Although it doesn’t say why the guns are wanted, the USDA has issued this solicitation request:
Added: May 07, 2014 2:03 pm
The U.S. Department of Agriculture, Office of Inspector General, located in Washington, DC, pursuant to the authority of FAR Part 13, has a requirement for the commerical [sic] acquisition of submachine guns, .40 Cal. S&W, ambidextrous safety, semi-automatic or 2 shot burts [sic] trigger group, Tritium night sights for front and rear, rails for attachment of flashlight (front under fore grip) and scope (top rear), stock-collapsilbe [sic] or folding, magazine – 30 rd. capacity, sling, light weight, and oversized trigger guard for gloved operation. [source]
The USDA never says how many guns or how much ammo they want to buy, but they do say that “OIG Special Agents are authorized to make arrests, execute warrants, and carry firearms.” The first listed activity that they investigate is “fraud in farm programs.” [source] They need armed enforcers for that?
Why am I skeptical? Maybe I’ve heard about too many raids on farm families or elaborate investigations on raw dairy farmers.
Could it be that they expect to make more raids on family farms?
MDARD Raid in Michigan
A recent example of unexplained (and unnecessary) raids was the confiscation and dumping of $5,000 worth of raw milk, butter, cream, and eggs from a Michigan co-op by the Michigan Department of Agriculture and Rural Development (MDARD). There were many other ways the MDARD could have handled this situation. “They could have given her [Jenny Samuelson, co-op owner] a citation, listed the charges against her, held a hearing where she and the owners of the food could have attempted to answer the charges, and then levied a fine if she was found to be in violation.” But no, the MDARD gave no warning! They just raided and “disposed of” thousands of dollars of fresh, healthy food, which had already been paid for by the herdshare and co-op members. [source] I do not know if the MDARD raiders were armed, but the trend seems to be for such raids to be conducted at gunpoint.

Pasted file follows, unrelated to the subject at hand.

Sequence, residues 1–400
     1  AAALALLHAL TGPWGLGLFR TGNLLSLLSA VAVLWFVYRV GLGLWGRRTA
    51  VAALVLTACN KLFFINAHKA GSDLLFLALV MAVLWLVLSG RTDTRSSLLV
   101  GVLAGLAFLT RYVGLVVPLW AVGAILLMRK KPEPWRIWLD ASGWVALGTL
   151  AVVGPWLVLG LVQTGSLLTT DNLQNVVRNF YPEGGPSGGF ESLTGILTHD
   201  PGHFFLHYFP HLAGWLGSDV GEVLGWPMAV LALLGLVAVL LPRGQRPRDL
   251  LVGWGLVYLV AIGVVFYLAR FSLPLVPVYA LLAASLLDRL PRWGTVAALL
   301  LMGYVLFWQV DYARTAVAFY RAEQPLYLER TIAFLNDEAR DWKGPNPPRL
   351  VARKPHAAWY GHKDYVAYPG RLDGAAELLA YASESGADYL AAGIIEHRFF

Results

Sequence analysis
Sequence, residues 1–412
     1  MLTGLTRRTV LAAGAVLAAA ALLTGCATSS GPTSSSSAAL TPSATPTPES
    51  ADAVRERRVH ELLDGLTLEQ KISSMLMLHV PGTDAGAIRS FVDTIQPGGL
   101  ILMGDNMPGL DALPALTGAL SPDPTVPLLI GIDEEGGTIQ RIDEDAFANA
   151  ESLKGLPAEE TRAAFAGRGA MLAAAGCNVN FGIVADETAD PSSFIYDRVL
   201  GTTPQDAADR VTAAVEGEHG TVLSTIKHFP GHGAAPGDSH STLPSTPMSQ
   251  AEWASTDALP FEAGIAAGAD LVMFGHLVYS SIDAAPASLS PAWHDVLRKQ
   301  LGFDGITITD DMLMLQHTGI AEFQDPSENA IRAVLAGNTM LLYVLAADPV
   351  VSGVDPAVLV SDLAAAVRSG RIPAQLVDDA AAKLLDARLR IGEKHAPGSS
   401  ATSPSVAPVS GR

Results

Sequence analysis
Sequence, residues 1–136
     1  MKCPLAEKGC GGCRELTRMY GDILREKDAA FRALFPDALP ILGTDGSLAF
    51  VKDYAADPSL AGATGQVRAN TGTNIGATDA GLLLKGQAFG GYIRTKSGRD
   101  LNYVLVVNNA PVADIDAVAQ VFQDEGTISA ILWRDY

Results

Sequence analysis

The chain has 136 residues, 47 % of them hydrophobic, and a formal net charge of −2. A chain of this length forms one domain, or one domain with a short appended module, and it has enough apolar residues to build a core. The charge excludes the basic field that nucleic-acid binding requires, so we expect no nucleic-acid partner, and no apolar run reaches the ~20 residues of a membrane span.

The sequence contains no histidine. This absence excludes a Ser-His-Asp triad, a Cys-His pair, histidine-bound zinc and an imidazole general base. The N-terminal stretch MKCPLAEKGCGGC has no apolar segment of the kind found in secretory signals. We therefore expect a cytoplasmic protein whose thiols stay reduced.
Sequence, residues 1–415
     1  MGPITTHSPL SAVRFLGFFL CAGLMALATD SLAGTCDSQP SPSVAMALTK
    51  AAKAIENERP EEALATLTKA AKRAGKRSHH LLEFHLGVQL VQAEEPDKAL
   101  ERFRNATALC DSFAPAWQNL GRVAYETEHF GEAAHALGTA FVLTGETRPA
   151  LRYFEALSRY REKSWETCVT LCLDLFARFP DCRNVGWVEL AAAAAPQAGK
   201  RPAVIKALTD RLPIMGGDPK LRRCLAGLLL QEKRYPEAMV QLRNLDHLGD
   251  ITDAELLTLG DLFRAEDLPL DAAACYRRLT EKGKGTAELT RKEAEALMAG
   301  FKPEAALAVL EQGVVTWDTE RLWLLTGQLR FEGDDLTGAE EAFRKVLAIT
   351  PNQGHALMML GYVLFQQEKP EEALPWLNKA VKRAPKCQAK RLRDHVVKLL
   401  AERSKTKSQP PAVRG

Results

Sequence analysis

Here’s an interesting piece of the Michigan raid story–the MDARD required that each egg of the 100 dozen eggs be broken during the dumping. [source] Wow, and as others have pointed out, this was all done within “one of the most economically depressed states in the union.” [source]
I haven’t heard yet of any peaceful farmers shooting back when they were subjected to armed raids on their family farms, and small children were often witnesses to the raids. (see Farmaggedon) Is the danger during these raids greater for the raiders or for the farm families?
Pennsylvania Amish Farmer
Other raids include the FDA’s year-long sting and raid on Pennsylvania Amish dairy farmer Dan Alllgyer [read more] which included “U.S. marshals and a state police trooper.” The FDA said it was just an “inspection”, not a raid. If so, why did they need U.S. marshals and police troopers?
There have been other farm raids. FARFA mentions the California raid on the Rawesome food co-op in 2010. It was a private co-op for members only, and there had never been any complaint against them.